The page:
Breast Cancer Clinical Trial
The Effects of Short-term Preoperative Treatment With Hormonal Therapy on Gene Profiles in Breast Cancer
The investigators would like to study the genetic and molecular outcomes that results after a short term neoadjuvant hormonal therapy on patients with breast cancer.
Breast cancer is among the most common malignancies in women in the United States. Over the years breast cancer management have dramatically developed from the extensive surgical approach toward the breast conservative approach. This was mainly due to the introduction of chemotherapy and hormonal therapy. Hormonal therapy in particular has been shown to improve the oncological outcomes of the breast cancer. However, while this is well documented in the clinical outcomes. Little is known in regards what happens on the genetic level. As such in this study the investigators would like to study the genetic and molecular outcomes that results after a short term neoadjuvant hormonal therapy on patients with breast cancer.
The hypothesis of this study is that short-term, preoperative hormonal treatment will induce genetic changes associated with reduced proliferation, including lower Ki67 expression, and changes in Estrogen Receptor (ER) and Progesterone Receptor (PR) expression. The data from such investigation will be very helpful in advancing the individualized care to women with breast cancer.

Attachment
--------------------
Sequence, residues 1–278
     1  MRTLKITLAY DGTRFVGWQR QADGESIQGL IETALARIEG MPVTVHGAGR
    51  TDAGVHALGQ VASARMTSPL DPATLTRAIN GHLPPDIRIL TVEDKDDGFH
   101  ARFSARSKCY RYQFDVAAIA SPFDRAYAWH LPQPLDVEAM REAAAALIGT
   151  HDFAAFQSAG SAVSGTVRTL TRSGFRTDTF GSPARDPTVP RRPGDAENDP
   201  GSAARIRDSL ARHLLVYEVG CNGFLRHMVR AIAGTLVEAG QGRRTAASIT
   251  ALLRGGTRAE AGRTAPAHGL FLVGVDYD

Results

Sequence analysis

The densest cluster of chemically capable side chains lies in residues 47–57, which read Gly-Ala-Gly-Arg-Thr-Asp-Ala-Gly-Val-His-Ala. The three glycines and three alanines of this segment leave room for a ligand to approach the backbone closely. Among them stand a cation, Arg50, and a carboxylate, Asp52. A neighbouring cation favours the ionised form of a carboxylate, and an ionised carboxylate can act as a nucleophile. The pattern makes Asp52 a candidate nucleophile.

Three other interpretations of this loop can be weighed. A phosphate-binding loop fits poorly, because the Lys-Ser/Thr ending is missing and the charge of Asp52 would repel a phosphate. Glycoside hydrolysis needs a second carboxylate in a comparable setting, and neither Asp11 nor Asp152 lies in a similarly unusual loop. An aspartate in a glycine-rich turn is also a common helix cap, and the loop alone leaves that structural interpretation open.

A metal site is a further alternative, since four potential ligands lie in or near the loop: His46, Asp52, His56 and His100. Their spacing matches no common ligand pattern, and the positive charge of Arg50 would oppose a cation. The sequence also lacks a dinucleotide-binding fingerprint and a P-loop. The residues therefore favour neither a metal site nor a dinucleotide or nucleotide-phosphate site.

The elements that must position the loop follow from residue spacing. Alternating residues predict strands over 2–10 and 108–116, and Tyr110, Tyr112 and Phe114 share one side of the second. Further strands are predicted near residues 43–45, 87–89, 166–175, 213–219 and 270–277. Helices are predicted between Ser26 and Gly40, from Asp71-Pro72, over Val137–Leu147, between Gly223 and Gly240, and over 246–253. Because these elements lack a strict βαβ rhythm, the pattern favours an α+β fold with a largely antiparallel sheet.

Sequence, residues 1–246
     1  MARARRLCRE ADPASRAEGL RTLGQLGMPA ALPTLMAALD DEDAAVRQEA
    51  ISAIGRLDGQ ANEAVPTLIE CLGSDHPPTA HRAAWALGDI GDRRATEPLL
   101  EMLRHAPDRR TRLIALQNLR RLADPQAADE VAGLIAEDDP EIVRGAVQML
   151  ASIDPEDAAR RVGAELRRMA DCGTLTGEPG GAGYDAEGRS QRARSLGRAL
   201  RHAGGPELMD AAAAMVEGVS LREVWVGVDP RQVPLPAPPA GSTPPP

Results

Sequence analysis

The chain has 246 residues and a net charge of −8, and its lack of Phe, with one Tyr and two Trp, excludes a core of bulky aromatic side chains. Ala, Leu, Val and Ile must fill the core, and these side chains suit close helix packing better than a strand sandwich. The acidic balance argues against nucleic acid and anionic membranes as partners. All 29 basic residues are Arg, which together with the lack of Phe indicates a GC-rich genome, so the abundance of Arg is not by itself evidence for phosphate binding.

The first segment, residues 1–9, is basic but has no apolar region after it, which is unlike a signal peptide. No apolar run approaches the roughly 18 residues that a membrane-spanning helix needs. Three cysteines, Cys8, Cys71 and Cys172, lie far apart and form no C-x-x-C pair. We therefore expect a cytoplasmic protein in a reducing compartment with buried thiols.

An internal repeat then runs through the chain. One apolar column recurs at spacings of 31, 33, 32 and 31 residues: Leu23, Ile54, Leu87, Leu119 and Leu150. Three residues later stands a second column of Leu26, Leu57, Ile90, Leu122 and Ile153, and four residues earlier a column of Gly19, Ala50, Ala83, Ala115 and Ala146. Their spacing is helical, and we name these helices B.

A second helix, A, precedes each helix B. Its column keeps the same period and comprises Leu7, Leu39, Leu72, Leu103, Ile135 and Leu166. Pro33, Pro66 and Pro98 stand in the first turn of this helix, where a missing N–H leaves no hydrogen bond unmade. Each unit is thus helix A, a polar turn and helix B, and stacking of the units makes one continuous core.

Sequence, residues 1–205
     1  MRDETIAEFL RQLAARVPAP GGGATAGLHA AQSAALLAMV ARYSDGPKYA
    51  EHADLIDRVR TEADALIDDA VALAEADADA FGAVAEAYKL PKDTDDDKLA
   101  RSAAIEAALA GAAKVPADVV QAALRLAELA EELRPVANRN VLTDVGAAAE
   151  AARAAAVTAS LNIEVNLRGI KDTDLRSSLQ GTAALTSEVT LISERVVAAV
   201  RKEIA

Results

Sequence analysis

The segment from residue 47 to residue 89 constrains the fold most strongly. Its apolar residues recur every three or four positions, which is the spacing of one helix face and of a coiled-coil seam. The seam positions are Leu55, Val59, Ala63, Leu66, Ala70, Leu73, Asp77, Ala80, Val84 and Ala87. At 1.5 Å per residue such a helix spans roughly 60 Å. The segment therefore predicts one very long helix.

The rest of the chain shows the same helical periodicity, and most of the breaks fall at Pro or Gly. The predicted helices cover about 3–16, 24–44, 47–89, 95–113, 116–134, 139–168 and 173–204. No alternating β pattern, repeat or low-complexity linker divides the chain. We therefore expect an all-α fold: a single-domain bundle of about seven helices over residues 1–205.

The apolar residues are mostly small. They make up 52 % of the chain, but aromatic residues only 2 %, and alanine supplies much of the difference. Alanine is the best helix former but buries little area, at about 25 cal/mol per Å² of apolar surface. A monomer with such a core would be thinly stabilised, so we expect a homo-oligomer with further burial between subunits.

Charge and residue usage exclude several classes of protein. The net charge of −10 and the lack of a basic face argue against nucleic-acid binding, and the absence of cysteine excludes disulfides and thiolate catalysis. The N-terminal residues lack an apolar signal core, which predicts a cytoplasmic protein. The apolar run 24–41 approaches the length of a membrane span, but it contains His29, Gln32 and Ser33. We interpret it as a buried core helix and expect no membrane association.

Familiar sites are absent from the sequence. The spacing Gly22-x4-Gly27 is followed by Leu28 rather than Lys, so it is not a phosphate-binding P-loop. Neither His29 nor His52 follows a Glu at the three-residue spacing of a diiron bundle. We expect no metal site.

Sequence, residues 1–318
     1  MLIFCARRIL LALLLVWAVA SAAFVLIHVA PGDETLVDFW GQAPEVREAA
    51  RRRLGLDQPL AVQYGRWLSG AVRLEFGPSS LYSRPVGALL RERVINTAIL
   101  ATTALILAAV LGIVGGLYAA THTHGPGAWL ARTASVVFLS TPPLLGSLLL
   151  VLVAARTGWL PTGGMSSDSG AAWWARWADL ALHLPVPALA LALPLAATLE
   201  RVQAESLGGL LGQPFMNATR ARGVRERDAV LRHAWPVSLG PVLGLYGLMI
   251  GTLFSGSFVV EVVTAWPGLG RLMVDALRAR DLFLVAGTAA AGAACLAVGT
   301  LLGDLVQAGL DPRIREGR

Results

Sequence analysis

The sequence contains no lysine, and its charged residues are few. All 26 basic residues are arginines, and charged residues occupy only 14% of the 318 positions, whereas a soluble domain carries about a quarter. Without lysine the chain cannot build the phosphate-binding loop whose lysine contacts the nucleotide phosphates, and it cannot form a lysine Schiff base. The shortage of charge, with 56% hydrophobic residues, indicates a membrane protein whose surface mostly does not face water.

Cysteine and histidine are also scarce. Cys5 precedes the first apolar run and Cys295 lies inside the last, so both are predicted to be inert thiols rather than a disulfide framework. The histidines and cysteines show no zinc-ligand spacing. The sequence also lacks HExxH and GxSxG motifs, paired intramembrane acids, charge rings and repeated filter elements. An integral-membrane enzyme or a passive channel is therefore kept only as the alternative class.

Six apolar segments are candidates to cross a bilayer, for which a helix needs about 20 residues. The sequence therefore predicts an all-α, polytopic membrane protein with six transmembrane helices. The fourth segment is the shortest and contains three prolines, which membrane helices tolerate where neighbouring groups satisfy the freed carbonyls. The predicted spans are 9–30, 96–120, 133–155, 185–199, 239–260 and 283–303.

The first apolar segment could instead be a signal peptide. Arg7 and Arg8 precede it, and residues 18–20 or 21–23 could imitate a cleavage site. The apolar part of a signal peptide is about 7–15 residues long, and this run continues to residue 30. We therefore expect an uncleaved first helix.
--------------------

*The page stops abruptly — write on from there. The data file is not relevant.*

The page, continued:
Treatment-naïve, histologically confirmed invasive ductal breast cancer between stages 1 to 3.
Co-enrollment in the FLEX Registry
Estrogen Receptor Positive (ER+) Progesterone Receptor Positive (PR+) confirmed hormone receptor status measured by immunohistochemistry (IHC)
Patients should understand patients' condition and be able to give informed consent to participate
History of hormonal therapy, chemotherapy, radiation therapy, or novel therapy to treat the current breast cancer.
Allergic reactions/hypersensitivity to tamoxifen, letrozole, or exemestane or any of the ingredients of these drugs.
Any contraindication to hormonal therapy, such as history of thromboembolic disease or uterine cancer.
Patients without invasive disease (stage 0)
Patients with metastatic breast cancer(stageIV)
Patients that are Human Epidermal Growth Factor 2+(HER2+) by IHC/Fluorescence in situ hybridization (FISH).
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There is 1 Location for this study
Baltimore Maryland, 21224, United States
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